Dominique Dawes Opens up About the 'Hardships' She Dealt With in Her Career (Exclusive)

Dominique Dawes had a very successful gymnastics career, winning four Olympic medals and becoming the first African-American woman to win an individual Olympic medal in artistic gymnastics. But things weren't always great for Dawes as she dealt with her share of "hardships" while competing. PopCulture.com recently caught up with Dawes who talked about how she wants to change to the culture of gymnastics so the abuse she dealt with doesn't happen again.

"I do feel as if, while I was able to leave a lasting legacy in the sport of gymnastics, I am very committed to my legacy today, and that is about changing the culture of the sport of gymnastics," Dawes told PopCulture. "Because even though I was able to, as you mentioned, have these groundbreaking performances and make it to three Olympic teams, there were a lot of hardships that I did not have to go through, that I should not have had to go through, in the sport of gymnastics with regards to verbal, physical and psychological abuse."

Dawes also talks about being a mother has motivated her to be an advocate for changing the culture of the sport, which she is doing with her new docuseries Golden, which is streaming on Peacock. "I am now a mother of four kids, and my kids are not going to go through that," she said. "And they're not going to be in that type of unhealthy culture. And so I am very committed to making sure my legacy today is on changing the culture of the sport of gymnastics to ensure that kids that are in the sport today don't go through those levels of hardships. Also, sexual abuse has been rampant in the sport and the most recent news of an Olympic coach who was being charged with this. And so we need to change the sport. We need to shine the light on it, and I truly believe Golden allows us to do that, and I hope the change will happen following these series."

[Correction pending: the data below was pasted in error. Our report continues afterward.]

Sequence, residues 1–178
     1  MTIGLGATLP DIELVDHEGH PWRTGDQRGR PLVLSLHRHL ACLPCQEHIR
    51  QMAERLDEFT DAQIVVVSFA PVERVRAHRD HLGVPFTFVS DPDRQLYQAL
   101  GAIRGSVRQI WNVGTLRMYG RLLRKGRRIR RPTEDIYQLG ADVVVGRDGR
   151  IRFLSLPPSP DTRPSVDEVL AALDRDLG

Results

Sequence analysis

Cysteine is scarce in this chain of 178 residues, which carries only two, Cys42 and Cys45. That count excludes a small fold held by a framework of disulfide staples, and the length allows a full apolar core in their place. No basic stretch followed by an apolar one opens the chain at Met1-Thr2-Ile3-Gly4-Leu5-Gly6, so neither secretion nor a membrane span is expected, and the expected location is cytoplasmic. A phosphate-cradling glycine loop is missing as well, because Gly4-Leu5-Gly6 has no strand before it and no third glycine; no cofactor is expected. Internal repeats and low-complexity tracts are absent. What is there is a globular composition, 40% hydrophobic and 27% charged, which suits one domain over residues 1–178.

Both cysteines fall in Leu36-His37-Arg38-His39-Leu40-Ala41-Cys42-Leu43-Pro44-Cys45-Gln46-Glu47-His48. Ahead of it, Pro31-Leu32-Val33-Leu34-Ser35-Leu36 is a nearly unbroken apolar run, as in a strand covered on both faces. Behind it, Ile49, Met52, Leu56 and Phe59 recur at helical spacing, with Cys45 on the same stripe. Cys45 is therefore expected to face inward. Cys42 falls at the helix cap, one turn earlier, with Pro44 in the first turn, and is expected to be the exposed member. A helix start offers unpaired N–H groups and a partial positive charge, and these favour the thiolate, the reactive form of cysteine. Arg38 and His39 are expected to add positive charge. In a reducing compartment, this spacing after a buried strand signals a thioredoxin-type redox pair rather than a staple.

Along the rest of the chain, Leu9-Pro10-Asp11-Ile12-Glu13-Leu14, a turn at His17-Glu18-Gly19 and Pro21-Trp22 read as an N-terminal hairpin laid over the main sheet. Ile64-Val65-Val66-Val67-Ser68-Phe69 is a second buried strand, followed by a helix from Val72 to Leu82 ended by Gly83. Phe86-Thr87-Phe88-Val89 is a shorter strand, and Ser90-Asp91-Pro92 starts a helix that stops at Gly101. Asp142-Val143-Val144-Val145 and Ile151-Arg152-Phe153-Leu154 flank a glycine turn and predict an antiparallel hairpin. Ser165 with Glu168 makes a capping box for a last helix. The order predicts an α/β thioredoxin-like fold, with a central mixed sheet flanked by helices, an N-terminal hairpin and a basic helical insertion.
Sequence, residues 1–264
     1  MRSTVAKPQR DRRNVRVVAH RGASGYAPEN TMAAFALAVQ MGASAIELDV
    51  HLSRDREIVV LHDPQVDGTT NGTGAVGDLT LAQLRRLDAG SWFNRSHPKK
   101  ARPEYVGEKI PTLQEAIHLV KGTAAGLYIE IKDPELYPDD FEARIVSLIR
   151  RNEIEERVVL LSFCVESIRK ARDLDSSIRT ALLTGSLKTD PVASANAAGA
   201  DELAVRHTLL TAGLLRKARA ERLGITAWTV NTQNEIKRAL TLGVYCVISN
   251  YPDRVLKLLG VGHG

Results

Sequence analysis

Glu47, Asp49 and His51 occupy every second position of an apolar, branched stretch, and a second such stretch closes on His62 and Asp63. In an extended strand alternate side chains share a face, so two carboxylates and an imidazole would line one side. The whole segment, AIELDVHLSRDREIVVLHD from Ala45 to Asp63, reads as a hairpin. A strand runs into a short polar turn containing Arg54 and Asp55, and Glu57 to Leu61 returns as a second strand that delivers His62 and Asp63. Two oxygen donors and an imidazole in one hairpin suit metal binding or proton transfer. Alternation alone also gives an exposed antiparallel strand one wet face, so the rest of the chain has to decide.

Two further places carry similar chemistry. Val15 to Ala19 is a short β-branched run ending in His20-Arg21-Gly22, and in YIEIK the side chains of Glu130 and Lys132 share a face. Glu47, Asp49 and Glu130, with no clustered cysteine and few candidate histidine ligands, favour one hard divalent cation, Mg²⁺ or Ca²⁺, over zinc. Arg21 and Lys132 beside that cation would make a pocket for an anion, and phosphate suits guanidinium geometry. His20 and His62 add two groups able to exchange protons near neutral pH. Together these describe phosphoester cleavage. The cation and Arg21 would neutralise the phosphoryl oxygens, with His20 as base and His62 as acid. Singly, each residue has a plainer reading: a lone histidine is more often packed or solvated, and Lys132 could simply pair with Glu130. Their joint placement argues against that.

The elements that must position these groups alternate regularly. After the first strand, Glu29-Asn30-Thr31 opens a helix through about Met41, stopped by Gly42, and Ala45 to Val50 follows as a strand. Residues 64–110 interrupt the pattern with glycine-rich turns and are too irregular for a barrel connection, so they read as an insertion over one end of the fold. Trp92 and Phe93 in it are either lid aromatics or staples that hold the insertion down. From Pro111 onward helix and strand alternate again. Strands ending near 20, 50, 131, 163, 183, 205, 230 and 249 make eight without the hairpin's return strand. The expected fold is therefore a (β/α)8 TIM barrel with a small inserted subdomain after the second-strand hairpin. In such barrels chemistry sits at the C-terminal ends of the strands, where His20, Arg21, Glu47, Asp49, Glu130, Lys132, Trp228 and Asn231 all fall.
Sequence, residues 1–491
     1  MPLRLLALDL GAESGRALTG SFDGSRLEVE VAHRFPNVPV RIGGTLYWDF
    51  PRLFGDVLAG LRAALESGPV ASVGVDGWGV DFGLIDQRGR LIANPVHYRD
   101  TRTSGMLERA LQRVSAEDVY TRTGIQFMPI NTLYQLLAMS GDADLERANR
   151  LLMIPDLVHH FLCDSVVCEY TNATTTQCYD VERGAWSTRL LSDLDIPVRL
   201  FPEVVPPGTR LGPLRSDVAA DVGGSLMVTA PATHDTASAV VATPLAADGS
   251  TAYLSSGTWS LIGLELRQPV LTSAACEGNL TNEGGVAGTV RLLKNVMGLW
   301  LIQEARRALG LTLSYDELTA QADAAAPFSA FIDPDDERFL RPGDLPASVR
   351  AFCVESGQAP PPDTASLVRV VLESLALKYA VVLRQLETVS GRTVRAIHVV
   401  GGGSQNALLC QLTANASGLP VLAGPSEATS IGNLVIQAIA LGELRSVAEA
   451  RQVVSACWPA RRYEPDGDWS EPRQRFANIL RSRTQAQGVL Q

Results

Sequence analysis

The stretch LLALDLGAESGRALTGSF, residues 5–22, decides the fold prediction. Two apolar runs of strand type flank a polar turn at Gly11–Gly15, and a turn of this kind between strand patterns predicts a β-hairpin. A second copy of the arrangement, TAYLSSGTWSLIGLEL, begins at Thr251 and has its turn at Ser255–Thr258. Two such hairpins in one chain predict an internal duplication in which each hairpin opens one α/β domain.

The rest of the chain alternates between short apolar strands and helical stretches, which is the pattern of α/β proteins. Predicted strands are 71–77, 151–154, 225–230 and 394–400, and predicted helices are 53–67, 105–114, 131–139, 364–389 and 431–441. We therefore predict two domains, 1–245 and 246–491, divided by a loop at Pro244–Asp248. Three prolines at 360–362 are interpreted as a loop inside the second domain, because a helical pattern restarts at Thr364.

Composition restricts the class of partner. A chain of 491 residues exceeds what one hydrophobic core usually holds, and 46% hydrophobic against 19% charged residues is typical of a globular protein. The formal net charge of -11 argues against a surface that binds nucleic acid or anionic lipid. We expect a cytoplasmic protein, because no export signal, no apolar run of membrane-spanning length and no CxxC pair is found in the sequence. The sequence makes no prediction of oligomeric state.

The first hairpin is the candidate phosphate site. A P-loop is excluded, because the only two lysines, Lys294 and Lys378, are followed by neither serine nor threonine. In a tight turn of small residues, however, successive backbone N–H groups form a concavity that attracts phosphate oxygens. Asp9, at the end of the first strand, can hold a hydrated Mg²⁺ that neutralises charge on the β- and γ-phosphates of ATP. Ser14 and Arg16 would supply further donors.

While things were challenging for Dawes, she realized she was making a positive impact. In 1996, Dawes won a gold medal with the "Magnificent Seven" team, making her the first Black person of any nationality or gender to win an Olympic gold medal in gymnastics. But even before she gained fame in the Olympics, Dawes was getting attention at a very young age.

"I remember when I was about 11 years old, I started receiving my first pieces of fan mail," Dawes revealed. "Back in the day, it was like a snail mail where people would sit down, they would write, and they would send me photos. And I would literally take my school photos, sign them, and send them to people. My mom was like, 'Why are you giving out your school photos to people you don't know?' I recognize the impact that I could make on someone else's life when I was a very young age and that continued throughout my whole athletic career. I feel very blessed and honored to have been able to plant some positive seeds in people's lives."

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